The Phoenix Suns today announced that Cam Johnson did suffer a torn meniscus and will undergo surgery in the coming days. No timetable has been provided on his return.
Once they get a look inside the knee, the surgeon could present Cam with two options — partial/total removal of the meniscus (1-2 month recovery) or full meniscus repair (6-8 month recovery).
We won’t know which option was offered and/or chosen until after the surgery is done.
For historical perspective, remember Eric Bledsoe’s knee injuries? They were all menisci too.
Each knee has two menisci, which act as shock absorbers for the knee bones. You can imagine NBA athletes need as much shock absorption as possible, right?
Bledsoe first suffered a torn meniscus in his right knee in the 2011 strike-lengthened offseason, with the Clippers. At that time, Bledsoe had a 6-8 recovery time which means he chose the ‘partial removal’ option. He ended up playing 40 of the team’s 66 games (shortened by strike).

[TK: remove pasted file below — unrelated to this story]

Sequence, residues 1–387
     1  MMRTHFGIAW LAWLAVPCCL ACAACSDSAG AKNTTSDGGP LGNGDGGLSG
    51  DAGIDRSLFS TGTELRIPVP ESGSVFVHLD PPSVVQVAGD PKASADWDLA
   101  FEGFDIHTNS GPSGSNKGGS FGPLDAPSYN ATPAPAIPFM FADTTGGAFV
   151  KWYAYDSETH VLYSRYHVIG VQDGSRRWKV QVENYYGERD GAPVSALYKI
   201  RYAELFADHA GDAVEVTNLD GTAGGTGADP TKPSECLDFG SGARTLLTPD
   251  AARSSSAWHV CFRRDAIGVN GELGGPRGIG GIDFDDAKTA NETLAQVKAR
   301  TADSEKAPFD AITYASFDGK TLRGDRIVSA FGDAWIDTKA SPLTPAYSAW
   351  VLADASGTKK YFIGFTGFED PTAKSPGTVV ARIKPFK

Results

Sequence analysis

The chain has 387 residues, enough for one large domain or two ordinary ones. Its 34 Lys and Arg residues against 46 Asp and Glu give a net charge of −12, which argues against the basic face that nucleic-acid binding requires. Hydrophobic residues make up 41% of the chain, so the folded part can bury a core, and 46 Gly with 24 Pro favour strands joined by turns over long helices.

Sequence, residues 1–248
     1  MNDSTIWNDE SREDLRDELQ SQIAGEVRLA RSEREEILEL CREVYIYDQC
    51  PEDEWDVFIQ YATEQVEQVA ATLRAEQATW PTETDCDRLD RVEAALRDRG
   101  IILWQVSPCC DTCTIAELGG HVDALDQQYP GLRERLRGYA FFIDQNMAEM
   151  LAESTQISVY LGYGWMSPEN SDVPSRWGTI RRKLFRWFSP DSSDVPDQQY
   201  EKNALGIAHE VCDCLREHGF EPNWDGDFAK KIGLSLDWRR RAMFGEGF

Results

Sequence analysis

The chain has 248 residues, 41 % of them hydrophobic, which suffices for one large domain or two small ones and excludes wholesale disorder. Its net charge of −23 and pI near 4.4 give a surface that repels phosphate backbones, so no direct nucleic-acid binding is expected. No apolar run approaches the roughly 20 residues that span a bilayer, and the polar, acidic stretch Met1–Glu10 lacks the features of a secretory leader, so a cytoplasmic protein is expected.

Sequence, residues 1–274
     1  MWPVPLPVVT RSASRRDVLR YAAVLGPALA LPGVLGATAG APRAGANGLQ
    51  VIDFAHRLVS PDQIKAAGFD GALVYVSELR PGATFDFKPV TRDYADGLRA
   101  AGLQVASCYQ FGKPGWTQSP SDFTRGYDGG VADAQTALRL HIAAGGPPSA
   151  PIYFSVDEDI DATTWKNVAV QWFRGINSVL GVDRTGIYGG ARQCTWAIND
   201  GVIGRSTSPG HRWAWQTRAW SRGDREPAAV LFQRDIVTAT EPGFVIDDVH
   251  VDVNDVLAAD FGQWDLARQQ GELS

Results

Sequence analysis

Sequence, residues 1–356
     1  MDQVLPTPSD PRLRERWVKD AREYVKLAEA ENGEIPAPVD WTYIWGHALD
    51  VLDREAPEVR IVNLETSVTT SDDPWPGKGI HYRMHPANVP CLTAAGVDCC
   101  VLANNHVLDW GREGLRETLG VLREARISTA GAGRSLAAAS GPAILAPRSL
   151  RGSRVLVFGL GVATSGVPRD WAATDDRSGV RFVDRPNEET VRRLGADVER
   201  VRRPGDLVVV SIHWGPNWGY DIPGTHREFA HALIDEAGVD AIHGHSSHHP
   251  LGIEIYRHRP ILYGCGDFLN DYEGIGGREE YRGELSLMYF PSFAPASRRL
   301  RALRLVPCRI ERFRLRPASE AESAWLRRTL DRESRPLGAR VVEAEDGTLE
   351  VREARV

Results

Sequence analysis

He injured that same right knee again in December 2014 with the Suns, and again chose the shorter recovery time. He returned in 9 weeks this time, and was just as good after the return as before it.
Then in 2015, he suffered a torn meniscus in the other knee, the left one. This time he chose the full repair option and missed six months of playing time.
As far as we know, Bledsoe never needed another season-impacting knee surgery after returning for the 2016-17 season. But what we don’t know is how much tendinitis he’s suffered in those knees, and whether the right knee or left knee is worse today. All we know is that his performance declined from age 28 to 32 — often the back end of a player’s prime — and he’s now out of the league at age 33.
Stay tuned for an update from the Phoenix Suns, or insiders for that matter, on what kind of surgery Cam chose (if even given a chance to choose), which will dictate how long he will be out. Options will depend on the severity and location of the injury.